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All Nokia 5800 come with a defect?!
We have been looking into the situation around the faulty earpiece on the Nokia 5800 and analyzing feedback from the users since early December. For me this work was exciting from several perspectives – for one, I was able to find a connection between warranty claims and certain usage patterns, as well as put together a thorough picture of various types of defects (both hardware and software) present in this phone. We are not going to cover the 5800 XpressMusic’s software issues, though, as they are fairly easy to rectify with a new firmware version, whereas its hardware flaws require the user to return the phone for repair, so they are a lot more crucial. Also, we won’t touch upon the statistics on warranty claims and issues of this nature – rather, we’d like to tell you more about the design flaws in the Nokia 5800 and also the real scope of the problem.
Before we start I want to note that since December we have torn apart over ten retail units of the Nokia 5800 – basically, we put them through a whole array of tests and experiments, in an effort to find out what the reason of breakdowns was. While one could argue whether we have tested enough phones to make any sort of competent conclusion, we have reached the point when we are no longer eager to spend money on these experiments, as no matter how many phones we try, the end result is always the same. The same defect manifests itself under similar circumstances in all units without exception, including those that were fixed by Nokia’s authorized service centers.
The main problem that many users complain about is the top right corner of the casing that tends to loosen up with time, and, supposedly, causes the earpiece to give up the ghost or, at very least start making creaking noises and spontaneously changing its volume while in a call.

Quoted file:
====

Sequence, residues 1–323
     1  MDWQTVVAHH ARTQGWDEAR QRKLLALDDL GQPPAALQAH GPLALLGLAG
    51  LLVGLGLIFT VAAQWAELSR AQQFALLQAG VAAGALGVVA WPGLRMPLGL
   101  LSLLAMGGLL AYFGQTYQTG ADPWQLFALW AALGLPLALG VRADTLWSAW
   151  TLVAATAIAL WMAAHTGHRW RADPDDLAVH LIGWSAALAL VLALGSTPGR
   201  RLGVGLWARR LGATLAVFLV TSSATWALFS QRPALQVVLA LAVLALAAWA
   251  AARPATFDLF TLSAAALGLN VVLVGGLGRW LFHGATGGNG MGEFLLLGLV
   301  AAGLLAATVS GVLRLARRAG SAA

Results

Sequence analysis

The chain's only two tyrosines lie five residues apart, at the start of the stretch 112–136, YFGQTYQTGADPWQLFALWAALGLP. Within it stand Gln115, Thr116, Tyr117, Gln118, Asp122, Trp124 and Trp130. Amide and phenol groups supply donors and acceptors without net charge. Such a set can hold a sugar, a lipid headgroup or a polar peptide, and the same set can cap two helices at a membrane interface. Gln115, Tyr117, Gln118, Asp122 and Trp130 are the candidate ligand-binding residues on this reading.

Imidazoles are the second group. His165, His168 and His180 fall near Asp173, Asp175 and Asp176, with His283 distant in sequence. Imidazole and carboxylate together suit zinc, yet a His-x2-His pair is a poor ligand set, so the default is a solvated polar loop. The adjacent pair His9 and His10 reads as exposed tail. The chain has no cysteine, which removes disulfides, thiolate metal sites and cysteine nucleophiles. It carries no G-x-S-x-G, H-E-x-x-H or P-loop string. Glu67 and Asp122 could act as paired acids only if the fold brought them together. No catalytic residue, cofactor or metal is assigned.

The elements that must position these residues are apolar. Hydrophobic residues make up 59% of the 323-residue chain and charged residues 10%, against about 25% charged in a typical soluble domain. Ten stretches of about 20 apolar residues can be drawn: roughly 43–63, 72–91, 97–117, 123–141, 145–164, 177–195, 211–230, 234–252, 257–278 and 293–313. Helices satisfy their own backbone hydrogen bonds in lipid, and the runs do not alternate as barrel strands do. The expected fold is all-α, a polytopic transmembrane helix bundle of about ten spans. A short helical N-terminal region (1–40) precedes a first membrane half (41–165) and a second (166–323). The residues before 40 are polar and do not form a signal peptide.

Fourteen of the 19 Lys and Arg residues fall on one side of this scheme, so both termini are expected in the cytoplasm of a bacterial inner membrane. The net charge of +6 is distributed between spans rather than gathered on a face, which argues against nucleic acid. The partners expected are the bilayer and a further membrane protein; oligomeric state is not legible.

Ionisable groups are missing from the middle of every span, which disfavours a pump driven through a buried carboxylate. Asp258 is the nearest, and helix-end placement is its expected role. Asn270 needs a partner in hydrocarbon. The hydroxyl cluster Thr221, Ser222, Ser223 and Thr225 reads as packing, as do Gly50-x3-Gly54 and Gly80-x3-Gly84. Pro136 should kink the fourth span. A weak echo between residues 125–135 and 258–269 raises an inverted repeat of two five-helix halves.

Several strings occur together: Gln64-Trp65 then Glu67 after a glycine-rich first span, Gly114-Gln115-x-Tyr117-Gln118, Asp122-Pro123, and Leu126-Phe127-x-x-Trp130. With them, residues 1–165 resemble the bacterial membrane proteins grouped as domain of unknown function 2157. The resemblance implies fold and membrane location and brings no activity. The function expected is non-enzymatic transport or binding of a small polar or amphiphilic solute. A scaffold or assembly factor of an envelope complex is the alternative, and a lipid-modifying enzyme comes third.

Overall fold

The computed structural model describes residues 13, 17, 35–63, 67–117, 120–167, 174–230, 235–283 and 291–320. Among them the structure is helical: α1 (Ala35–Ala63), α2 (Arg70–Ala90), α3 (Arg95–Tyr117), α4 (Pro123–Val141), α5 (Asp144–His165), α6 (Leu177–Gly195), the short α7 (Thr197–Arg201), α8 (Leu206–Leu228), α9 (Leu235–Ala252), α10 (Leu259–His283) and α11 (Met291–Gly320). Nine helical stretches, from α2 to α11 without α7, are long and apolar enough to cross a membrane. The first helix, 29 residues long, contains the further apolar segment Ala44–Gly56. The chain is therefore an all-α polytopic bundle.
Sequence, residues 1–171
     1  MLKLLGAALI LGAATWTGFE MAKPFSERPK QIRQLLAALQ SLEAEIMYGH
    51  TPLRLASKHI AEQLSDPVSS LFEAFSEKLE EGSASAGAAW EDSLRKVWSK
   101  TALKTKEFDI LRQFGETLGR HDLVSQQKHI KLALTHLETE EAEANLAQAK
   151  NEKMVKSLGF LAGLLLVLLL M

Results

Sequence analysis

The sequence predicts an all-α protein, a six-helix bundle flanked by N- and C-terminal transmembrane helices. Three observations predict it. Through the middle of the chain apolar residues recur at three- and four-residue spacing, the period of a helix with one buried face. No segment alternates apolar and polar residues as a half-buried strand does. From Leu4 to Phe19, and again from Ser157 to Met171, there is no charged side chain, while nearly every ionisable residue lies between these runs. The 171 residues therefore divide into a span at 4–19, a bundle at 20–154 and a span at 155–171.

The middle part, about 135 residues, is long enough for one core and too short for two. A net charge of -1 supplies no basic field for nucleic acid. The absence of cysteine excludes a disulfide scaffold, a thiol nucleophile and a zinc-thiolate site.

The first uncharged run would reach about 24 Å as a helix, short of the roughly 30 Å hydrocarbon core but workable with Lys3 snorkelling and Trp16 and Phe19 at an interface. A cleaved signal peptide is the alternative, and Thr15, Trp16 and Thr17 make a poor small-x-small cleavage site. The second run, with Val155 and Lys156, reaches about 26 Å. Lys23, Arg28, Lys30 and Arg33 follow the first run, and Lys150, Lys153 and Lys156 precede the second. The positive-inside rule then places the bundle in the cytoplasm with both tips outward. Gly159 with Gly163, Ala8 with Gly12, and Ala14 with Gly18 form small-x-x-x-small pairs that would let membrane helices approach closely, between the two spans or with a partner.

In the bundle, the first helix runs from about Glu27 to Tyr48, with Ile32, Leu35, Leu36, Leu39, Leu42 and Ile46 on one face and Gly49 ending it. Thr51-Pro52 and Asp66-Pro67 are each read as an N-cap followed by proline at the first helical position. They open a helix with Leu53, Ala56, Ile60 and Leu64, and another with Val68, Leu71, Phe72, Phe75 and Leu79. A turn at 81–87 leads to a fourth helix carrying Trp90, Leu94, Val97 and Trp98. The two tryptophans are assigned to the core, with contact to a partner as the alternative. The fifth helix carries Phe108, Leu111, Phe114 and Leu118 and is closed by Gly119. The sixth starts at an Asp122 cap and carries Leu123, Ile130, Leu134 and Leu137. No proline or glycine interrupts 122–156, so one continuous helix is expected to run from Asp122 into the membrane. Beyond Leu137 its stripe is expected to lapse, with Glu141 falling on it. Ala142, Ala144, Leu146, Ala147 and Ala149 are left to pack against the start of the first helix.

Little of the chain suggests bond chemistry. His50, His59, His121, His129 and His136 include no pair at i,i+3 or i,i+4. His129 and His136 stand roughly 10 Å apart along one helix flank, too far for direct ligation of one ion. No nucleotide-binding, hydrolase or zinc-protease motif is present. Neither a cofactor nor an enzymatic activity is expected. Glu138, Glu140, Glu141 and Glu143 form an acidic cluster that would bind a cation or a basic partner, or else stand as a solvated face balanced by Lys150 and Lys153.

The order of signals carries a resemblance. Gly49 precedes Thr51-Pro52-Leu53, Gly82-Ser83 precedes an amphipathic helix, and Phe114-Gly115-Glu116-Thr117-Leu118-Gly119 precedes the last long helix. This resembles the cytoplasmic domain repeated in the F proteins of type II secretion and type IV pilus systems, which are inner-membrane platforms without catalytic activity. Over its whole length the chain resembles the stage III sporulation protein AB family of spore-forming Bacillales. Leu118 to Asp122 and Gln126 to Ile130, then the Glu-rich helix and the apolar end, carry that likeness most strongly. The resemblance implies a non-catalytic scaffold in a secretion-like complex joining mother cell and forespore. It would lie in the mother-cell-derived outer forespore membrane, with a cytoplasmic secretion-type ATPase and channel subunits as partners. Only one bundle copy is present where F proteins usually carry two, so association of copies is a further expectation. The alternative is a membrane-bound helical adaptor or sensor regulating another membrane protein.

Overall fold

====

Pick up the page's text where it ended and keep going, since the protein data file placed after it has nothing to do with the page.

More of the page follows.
Apparently, it stood to reason that we needed to investigate these two flaws as one, since a loose-fitting part of the casing probably made the earpiece slip several millimeters down from its original position. Skipping the details, I’d like to say that this approach has proven to be inadequate – these are two separate problems, because over the course of our experiments we ran into several phones that didn’t have any issues with their casings, however their earpieces were barely usable and vice versa.
The right corner of the phone tends to loosen up because of a slightly displaced screw. All in all, this design flaw is characteristic of most 5800 XM units. However, it’s rather an unpleasant feature, as the frame surrounding the earpiece doesn’t go anywhere, meaning that the abovementioned issue with the 5800’s casing has absolutely no effect on its earpiece performance (in that it doesn’t slip down or start to wobble in its slot).
With this in mind, we decided to focus on the problem with the 5800’s earpiece and here is what we have managed to find out.
Nokia 5800’s earpiece
The Nokia 5800's earpiece isn't soldered onto the contacts on the circuit board, rather it's pressed into the circuit board. In fact, the 5800 XpressMusic is not the only phone that employs this design, most other Nokia-branded phones do too. However, their percentage of failures isn’t nearly as substantial as that of the 5800 XpressMusic.
As a rule, you can get a malfunctioning earpiece to work simply by disassembling the phone and putting it back together, without touching the earpiece module at all. This method was stumbled upon by employees of Nokia's service center and in truth it made the situation even more perplexing, as we managed to bring one 5800 XpressMusic back to life in this manner.